My Kind of Country

Country music from a fan's point of view since 2008

Tag Archives: Gordon Terry

Country Heritage Redux: Wynn Stewart (1934-1985)

An updated version of an article originally published by The 9513:

Mention Bakersfield to a country music fan and the names Buck Owens and Merle Haggard immediately come to mind. That’s to be expected considering Buck and the Hag were the two most successful practitioners of the “Bakersfield Sound,” but there are several other artists just as important to the evolution of the sound. Chief among these is Wynn Stewart, a hard-core honky-tonk singer who arrived at a time when Nashville was distancing itself from the hard-core sounds.

Country music rapidly lost its audience after the arrival of Elvis Presley in 1956. In order to retain viability in the marketplace, Nashville producers attempted to broaden the appeal of the music by adding strings and background voices. As time went by, the background voices became choruses, the strings became entire string sections and (worst of all) fiddle and steel guitar became noticeably absent in the recordings of the likes of Jim Reeves and Eddy Arnold. Plus, the vocals themselves often became bland.

Wynn Stewart arrived in 1954 with his hard-core sound and distinctive tenor and phrasing, recording for a minor label out in California. He signed to major label Capitol in 1956 and had one hit, “Waltz of the Angels,” which reached #14, but he was unable to duplicate that success and was soon released.

He then signed to Jackpot / Challenge Records in 1958 where, after dabbling with a few rock and roll songs on the Jackpot label, he recorded a number of classic country songs, including “Wishful Thinking,” which hit #5 (Ralph Mooney on steel and Gordon Terry on fiddle), “Big Big Big Love (#18) and several duets with Jan Howard, including “Wrong Company” (#26). These records featured fiddle and steel guitar in a way that Nashville recordings of that era wouldn’t touch. My personal favorite of Stewart’s songs, “Playboy,” was recorded during this period. As was often the case for Stewart, some of his strongest material did not chart – this song being one of those cases.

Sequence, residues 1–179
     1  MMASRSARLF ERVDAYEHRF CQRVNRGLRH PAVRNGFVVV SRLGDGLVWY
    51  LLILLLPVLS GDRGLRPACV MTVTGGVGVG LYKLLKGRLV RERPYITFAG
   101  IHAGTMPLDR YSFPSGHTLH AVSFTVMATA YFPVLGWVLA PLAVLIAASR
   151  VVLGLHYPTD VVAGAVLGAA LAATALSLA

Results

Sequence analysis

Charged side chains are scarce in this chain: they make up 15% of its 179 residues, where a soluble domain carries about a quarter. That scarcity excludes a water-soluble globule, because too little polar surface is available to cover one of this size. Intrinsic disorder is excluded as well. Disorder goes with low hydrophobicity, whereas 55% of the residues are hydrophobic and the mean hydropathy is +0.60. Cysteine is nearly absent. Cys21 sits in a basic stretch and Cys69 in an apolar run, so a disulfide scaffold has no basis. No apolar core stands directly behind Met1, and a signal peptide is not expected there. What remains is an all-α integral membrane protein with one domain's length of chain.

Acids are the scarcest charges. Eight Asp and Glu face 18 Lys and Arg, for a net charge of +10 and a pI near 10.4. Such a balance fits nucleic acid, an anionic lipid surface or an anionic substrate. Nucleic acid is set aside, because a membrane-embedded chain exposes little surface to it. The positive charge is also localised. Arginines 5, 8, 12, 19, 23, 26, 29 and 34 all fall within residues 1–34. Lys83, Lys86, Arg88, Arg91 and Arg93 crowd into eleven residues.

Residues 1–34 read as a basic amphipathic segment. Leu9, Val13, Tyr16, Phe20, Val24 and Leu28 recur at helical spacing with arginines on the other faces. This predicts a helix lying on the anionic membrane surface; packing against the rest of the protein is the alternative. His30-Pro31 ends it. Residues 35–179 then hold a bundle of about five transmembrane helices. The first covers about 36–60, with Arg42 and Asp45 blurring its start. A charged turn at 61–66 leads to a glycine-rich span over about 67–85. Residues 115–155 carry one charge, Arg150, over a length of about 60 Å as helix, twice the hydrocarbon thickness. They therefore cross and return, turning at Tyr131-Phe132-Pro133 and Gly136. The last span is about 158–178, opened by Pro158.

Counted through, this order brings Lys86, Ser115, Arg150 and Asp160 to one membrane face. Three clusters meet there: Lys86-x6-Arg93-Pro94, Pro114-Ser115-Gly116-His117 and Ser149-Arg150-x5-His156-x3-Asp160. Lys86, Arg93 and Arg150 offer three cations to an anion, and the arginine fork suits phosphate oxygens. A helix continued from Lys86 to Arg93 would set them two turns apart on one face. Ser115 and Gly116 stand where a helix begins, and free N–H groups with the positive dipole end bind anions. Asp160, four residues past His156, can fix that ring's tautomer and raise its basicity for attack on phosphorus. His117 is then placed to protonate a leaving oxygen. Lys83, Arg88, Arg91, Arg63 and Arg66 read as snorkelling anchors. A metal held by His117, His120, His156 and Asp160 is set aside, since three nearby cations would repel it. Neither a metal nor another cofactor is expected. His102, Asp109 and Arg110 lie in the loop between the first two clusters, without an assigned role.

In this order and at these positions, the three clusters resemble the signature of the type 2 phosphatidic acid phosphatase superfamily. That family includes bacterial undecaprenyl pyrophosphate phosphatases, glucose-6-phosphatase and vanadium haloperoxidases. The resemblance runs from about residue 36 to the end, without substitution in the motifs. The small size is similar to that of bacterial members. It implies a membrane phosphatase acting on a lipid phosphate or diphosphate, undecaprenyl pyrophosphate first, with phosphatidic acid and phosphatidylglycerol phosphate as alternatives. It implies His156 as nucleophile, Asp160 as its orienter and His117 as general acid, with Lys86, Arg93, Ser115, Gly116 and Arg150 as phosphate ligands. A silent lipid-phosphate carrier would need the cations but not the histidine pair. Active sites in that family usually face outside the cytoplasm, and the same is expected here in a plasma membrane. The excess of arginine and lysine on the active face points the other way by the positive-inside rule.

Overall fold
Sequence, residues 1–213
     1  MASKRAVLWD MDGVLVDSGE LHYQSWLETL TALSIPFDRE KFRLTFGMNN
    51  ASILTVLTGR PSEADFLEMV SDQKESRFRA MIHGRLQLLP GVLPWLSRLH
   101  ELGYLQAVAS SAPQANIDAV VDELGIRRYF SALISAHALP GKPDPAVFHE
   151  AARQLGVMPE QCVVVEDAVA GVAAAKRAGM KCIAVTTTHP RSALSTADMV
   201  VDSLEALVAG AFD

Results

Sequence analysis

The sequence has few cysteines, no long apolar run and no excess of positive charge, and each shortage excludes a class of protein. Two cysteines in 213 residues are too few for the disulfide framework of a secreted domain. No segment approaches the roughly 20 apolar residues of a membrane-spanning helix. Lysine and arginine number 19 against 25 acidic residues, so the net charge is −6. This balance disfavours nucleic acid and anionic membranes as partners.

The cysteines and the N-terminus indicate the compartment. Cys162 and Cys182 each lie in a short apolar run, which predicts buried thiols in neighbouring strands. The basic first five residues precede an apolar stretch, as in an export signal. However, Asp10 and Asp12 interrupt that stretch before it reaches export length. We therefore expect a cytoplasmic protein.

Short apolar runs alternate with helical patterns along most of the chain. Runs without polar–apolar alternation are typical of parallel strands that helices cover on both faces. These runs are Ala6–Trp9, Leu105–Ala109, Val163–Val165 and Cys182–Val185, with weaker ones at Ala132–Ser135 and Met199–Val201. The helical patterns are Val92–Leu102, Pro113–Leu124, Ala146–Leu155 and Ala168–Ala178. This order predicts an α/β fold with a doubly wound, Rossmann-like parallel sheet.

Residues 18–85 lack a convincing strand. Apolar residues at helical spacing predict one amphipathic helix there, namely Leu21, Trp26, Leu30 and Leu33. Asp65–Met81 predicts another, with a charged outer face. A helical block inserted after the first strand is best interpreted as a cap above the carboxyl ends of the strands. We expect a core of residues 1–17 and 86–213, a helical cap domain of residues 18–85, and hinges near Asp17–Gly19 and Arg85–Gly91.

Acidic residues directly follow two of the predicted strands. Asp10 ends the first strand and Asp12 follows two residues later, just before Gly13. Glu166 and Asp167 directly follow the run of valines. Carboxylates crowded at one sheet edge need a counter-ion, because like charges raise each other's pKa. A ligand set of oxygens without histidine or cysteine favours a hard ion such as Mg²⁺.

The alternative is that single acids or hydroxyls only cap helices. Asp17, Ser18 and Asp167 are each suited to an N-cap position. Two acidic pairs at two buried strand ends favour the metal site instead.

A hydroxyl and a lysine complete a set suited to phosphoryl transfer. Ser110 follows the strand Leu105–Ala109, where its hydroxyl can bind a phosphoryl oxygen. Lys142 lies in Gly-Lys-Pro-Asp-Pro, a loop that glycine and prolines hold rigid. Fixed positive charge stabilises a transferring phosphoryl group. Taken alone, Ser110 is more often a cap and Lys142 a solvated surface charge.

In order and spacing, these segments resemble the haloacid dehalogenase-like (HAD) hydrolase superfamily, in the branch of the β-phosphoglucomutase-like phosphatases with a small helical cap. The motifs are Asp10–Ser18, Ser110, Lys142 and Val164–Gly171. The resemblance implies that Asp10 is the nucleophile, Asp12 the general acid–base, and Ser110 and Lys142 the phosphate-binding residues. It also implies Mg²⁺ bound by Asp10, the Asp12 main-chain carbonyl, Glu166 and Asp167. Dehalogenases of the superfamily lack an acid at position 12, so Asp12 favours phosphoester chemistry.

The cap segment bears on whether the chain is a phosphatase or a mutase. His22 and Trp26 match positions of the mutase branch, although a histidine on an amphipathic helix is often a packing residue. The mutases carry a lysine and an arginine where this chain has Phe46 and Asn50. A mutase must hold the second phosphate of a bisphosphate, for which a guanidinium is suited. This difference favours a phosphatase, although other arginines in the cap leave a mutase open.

While Stewart was signed to Challenge, one of his songs, “Above and Beyond,” was recorded by Buck Owens who took it to #3 in early 1960 (Buck’s second big hit). Years later Rodney Crowell finally got the song to #1. Before Buck formed the Buckaroos, you could clearly hear the Wynn Stewart influence in his vocals and sound.

In late 1963, Stewart’s bass player, a young ex-con named Merle Haggard, asked for his permission to record “Sing A Sad Song.” Always willing to help a fellow artist, Wynn gave the song to Merle who had his first chart record with the song (it reached #19).

Stewart re-signed with Capitol Records in 1964 but had little success until 1967, when his fifth single for the label, “It’s Such A Pretty World Today,” topped the charts. The recording found the classic Wynn Stewart sound softened with vocal choruses and string accompaniment. Three more top tens (“‘Cause I Have You,” “Love’s Gonna Happen To Me” and “Something Pretty”) followed, but the hits became smaller and smaller and after 1971 Stewart was dropped by Capitol. A stint with RCA produced no hits, although he did score one more top ten with “After The Storm” in 1976 on the Playboy label where he returned to his hard-core sound. Stewart’s last top 20 hit came in 1977 with “Sing A Sad Song,” which, ironically, was the song that launched Merle Haggard’s career; it too, got to #19.

Stewart formed his own label, Pretty World Records, named for his biggest hit, and seemed to be ready to get his career back into high gear when he was felled by a heart attack on July 17, 1985.

Both Buck Owens and Merle Haggard have cited Wynn Stewart as a major influence on their careers, yet somehow, he was never able to translate his enormous talent into extended and consistent success for himself. Possible reasons are several: